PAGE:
Finally, a Shudra is one who is still clouded by his existance, senses and desires. It is said that the first man, Manu decreed that Shudras should not read the Bhagavat Geetha or the Upanishads. This is because they simply would not grasp their true meaning, and might misguide others. This system might seem rather ideal, but it lasted for a period known in Hindu mythology as the Satya Yuga, or the golden age. It was also predicted that it would one day end, going on to the Treta Yuga, the Dwapara Yuga, and finally the Kali Yuga, when greed, desire suspicion and hate would cloud the inner eye. The Yugas are cyclic, However, and it is believed that the Satya Yuga will once more return.
Hindus do not, again contrary to common belief, worship many Gods. They worship the one God through his many forms. The requirements of so many forms? There are numerous stories behind these forms, for they show how a God, or anyone for that matter cannot remain static. When creating, God is the kind and selfless Vishnu, while sustaining, the wise teacher Brahma, and while destroying the embodiment of fury and remorseless Shiva. They did not see the forms of these Deities as they did now, but saw the qualities within them. Imagine a stern teacher giving birth to a child, while death taught a student the secret of life, and a loving mother dragging her child beyond this life. That ought to give you a picture of what I mean.

Hinduism does not force its followers to simply follow a god, or a brahmin. There are countless stories where a mere mortal abuses the Gods when he feels he has erred, an example being the dialogue by Daksha Prajapati, the father of Sati, the first birth of the Goddess Parvati, Shiva’s wife. Dakha held a large Yajna, a grand ritual of offerings. When Daksha arrived, all except for Brahma, Vishnu and Shiva rose out of respect for him. These three Gods are hierarchically superior to Daksha, yet he fumed at the sight of his son-in-law sitting, and let flow a string of abuses: poiler; mental dwarf; a refuge of the refuse, destitute and poor; boorish demigod; monkey’s eyes; a Sudra unfit to learn Vedas; a crematorium-dweller; wearer of a garland of skulls and bones; sloven. Sure, not quite the sort of abuses you expect today, however they are truly insulting. Shiva, the destroyer remained calm, showing meagre respect towards his father-in-law, but holds his words, valuing their worth.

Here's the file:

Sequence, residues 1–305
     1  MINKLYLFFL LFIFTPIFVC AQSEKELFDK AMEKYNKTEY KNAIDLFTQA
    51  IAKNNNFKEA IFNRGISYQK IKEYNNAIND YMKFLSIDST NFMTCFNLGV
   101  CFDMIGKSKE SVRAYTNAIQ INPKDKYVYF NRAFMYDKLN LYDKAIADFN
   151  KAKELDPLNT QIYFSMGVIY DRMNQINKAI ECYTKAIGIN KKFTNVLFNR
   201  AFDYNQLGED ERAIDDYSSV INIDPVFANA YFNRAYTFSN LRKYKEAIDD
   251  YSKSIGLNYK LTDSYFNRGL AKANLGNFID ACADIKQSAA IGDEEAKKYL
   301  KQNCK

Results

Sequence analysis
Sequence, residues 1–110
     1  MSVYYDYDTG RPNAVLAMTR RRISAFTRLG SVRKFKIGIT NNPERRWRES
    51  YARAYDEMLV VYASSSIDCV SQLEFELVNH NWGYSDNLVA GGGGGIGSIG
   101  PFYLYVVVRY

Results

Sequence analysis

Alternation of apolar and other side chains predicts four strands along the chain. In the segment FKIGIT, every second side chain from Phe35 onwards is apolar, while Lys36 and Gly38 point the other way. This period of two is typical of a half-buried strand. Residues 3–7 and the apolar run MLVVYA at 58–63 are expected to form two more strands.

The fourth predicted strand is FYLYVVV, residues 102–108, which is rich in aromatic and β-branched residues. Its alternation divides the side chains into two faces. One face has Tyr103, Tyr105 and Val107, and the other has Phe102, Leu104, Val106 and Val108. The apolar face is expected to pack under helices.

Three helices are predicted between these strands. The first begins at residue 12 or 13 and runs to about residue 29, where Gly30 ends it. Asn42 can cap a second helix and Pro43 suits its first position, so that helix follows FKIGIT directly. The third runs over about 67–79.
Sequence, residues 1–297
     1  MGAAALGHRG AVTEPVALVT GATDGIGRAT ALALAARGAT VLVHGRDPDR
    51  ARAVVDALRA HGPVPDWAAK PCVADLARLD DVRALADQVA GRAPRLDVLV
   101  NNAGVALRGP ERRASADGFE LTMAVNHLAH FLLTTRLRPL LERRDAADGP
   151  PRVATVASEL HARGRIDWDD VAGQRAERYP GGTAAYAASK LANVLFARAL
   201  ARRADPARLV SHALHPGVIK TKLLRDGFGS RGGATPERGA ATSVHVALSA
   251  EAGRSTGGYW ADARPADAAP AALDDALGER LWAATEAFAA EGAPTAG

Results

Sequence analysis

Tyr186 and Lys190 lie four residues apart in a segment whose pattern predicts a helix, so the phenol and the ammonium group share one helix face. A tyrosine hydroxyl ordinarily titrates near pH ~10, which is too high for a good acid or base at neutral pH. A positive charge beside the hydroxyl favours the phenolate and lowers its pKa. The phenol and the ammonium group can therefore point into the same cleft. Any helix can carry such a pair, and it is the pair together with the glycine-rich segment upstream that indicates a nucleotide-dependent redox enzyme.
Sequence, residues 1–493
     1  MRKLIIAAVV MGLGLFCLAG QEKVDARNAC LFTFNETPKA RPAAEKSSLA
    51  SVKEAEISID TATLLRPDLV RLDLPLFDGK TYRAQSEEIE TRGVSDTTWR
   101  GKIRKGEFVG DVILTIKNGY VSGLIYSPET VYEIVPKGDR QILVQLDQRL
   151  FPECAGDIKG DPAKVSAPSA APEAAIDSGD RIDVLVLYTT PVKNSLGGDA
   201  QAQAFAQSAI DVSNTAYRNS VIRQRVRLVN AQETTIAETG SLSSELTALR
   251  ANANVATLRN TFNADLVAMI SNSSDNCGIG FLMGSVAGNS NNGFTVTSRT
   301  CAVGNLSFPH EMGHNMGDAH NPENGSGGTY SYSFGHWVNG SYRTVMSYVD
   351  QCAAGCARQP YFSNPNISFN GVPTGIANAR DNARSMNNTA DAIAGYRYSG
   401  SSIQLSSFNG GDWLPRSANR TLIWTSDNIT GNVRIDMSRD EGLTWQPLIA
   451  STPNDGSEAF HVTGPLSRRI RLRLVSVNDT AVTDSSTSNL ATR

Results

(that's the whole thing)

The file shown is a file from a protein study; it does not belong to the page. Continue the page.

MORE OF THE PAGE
Hindus do not believe in a seperate creation of the universe. Not only do the legends describe Vishnu as taking forms of a fish, a tortise, an animal, a midget, human beings, and finally as a Divine, the stories are meant to guide people in values, and not to be taken at face value.